CCC Transit Agency & Partner logos

Telephone Town Hall Nov. 12, 2015 – The Future of West County Transportation

The West Contra Costa Transportation Advisory Committee (WCCTAC) and Contra Costa Transportation Authority (CCTA) are holding a joint Telephone Town Hall Call-In Event this Thursday at 6pm to talk about the West County High-Capacity Transit Study and other transportation improvements in West County.
West County Transit StudyThe West County High-Capacity Transit Study is evaluating new public transportation options and funding opportunities to expand alternatives to driving.
During the Telephone Town Hall, you’ll learn more about the Study and other planning efforts. Experts will be on the call to answer questions about West County transportation. You’ll also be asked to respond to a few quick polling questions.
West County Telephone Town Hall
Thursday, November 12, 6pm – 7pm
Call in toll-free to 1-877-229-8493
Enter access code 112664 when prompted

The Telephone Town Hall will provide an overview of the Study, but it won’t be the only opportunity to provide input. The first round of public meetings will be held in February 2016, with a second round anticipated in Spring 2016.
For more information on the Telephone Town Hall or the West County High-Capacity Transit Study, visit WCCTAC.org.

Play CCTA's Online Game: Spend Virtual Money, Give Real Feedback (2015 Promotion)

The Contra Costa Transportation Authority (CCTA) is gathering public input to help prioritize what projects and programs should be included in their long-term roadmap for future investments – the Transportation Expenditure Plan (TEP). Giving your input is both easy and fun thanks to the CCTA’s online investment game.
The way the game works is simple: You start with ten ‘coins’ which you spend on the projects most important to you. Projects are grouped by category (e.g. BART, Biking, Highways) and to ‘invest’ in a project, you just drag one (or more) coins into the project’s ‘coin box’:
Screen Shot 2015-09-10 at 2.30.18 PM
Once you’ve used up all your coins, you can review and submit your investment priorities, as well as share the tool with your friends. Here’s what a completed investment ‘portfolio’ might look like, including the major project categories:
Screen Shot 2015-09-10 at 2.09.00 PM
If you’d like to play the game and give your feedback to CCTA, or just want to see which projects have gotten the most support so far, visit keepcontracostamoving.net.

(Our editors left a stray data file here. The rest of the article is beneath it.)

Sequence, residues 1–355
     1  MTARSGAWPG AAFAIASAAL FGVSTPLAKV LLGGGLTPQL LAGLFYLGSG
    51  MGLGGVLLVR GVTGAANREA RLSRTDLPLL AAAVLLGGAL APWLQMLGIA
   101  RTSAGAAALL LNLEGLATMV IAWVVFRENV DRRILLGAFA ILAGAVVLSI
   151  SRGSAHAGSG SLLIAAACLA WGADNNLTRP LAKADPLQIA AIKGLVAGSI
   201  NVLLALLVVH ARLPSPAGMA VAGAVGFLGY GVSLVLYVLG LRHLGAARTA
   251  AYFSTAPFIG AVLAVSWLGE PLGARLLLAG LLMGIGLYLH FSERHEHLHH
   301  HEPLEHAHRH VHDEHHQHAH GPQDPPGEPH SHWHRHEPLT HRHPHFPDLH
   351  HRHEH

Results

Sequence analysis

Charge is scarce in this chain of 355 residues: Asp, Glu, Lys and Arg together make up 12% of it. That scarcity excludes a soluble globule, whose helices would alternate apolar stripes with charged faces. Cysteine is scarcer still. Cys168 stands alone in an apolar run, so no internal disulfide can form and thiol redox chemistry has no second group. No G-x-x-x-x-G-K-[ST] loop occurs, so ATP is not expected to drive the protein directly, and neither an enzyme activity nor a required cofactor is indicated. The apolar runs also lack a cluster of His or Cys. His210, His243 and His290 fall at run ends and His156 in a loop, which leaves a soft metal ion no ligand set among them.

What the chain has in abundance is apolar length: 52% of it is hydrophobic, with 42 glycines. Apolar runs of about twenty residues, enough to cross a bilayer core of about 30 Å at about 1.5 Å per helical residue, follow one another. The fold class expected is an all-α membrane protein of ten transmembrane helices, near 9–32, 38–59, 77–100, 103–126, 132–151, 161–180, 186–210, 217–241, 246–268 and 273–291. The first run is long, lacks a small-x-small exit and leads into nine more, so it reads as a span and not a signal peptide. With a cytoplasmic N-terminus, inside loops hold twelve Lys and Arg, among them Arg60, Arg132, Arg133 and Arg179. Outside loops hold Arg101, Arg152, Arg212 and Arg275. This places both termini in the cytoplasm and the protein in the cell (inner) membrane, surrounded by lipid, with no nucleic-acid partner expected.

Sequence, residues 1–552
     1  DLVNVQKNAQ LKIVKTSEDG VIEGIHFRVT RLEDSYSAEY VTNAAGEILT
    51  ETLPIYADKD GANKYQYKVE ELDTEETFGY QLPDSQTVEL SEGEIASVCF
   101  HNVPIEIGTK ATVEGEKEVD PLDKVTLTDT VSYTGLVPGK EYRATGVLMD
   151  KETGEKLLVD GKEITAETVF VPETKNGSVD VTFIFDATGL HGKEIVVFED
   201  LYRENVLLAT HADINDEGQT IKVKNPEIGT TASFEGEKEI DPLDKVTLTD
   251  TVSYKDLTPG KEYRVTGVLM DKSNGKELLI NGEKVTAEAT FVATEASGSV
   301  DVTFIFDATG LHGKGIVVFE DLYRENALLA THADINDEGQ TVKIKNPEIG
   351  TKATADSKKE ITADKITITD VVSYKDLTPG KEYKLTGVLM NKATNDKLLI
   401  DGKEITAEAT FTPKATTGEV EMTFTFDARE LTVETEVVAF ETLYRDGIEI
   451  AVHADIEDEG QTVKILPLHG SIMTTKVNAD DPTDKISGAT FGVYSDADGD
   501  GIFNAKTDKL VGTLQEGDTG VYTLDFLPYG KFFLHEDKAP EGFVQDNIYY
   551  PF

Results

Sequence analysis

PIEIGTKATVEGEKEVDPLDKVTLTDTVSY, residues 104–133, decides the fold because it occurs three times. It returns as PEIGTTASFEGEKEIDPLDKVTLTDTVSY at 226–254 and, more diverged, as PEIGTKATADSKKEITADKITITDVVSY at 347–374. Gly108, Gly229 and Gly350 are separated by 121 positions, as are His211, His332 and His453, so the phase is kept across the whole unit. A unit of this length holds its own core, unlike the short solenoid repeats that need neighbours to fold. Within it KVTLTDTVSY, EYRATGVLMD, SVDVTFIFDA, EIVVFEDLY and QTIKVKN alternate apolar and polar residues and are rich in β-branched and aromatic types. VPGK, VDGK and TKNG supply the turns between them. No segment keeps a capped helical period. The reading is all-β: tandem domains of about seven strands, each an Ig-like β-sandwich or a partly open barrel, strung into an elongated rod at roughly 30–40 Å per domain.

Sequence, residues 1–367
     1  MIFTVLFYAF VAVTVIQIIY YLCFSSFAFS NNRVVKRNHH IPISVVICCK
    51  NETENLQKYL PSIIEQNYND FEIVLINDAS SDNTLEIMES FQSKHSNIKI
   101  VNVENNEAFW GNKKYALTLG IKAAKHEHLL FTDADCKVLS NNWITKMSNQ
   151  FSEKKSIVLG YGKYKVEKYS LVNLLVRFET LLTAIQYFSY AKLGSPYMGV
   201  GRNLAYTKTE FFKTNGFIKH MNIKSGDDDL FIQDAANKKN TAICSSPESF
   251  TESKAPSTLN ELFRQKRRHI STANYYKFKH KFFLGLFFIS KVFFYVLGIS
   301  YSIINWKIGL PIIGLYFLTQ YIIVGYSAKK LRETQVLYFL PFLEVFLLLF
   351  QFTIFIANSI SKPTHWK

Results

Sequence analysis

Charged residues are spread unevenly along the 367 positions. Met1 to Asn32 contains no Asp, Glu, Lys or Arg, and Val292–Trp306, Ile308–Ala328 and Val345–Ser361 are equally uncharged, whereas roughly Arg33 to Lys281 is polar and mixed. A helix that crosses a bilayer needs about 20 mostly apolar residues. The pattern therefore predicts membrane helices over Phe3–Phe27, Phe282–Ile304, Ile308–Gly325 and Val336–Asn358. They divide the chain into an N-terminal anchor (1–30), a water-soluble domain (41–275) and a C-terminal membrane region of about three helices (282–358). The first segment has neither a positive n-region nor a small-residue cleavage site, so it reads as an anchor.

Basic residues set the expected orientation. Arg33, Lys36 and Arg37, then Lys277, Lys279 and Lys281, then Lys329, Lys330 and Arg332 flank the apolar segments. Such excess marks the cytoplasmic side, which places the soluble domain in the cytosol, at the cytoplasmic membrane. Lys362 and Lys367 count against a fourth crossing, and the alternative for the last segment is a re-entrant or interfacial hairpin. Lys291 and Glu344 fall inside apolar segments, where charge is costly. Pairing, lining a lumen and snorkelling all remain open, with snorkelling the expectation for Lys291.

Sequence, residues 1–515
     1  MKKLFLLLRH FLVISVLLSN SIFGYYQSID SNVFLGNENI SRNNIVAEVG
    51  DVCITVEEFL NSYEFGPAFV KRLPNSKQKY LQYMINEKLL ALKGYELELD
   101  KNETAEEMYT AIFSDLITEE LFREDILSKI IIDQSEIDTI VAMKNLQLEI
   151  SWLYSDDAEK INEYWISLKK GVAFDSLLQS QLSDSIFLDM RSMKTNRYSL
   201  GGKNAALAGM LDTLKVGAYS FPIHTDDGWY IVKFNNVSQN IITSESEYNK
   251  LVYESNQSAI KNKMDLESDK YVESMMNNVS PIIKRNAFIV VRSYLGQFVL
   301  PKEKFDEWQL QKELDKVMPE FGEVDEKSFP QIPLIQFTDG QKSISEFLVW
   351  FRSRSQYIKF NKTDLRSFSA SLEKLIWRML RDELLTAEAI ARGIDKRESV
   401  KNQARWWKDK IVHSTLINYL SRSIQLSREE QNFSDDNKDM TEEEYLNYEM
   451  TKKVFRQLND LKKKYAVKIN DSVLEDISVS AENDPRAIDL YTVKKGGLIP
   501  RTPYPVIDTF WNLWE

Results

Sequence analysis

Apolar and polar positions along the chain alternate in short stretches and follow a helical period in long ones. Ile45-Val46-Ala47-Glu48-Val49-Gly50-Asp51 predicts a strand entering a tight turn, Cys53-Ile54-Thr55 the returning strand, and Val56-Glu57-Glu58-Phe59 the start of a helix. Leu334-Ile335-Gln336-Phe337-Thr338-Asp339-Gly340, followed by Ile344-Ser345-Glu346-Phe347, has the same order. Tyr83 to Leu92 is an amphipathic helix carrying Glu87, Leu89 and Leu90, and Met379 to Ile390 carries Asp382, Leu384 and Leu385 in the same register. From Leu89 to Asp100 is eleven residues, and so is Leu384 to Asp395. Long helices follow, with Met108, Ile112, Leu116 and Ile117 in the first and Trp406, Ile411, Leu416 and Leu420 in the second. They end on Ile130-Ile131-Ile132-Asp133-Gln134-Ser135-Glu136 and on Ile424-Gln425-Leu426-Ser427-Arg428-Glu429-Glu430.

CCTA Funding Our Future

The Future of SB 375 Implementation and Regional Planning (2015)


Julie Pierce is a council member for the City of Clayton, chair of the Contra Costa Transportation Authority and president of the Association of Bay Area Governments; she also serves on the Metropolitan Transportation Commission and sits on the Board of TRANSPAC — the Regional Transportation Planning Committee for Central Contra Costa. In addition, Pierce is president of the California Association of Councils of Governments (CALCOG) — the state association for councils of governments, regional transportation planning agencies, transportation authorities and congestion management agencies. CALCOG’s board also includes representatives from the League and California State Association of Counties. For more information, visit www.calcog.org or follow CALCOG on Twitter (@The_CALCOG).  This article is courtesy of the Western City Magazine.


I am a city council member, but I am also a regionalist. These are not mutually exclusive titles — each needs the other. Regional governments are built with and depend on the expertise of local officials. Because local government is the level of government closest to the people, we hear firsthand when potholes go unfilled or the garbage is not picked up.
But our residents live in regions. It’s not unusual for someone to make their home in one city but work in a second city, shop in a third and go to a fourth for recreation. Our residents expect their local governments to work together regionally.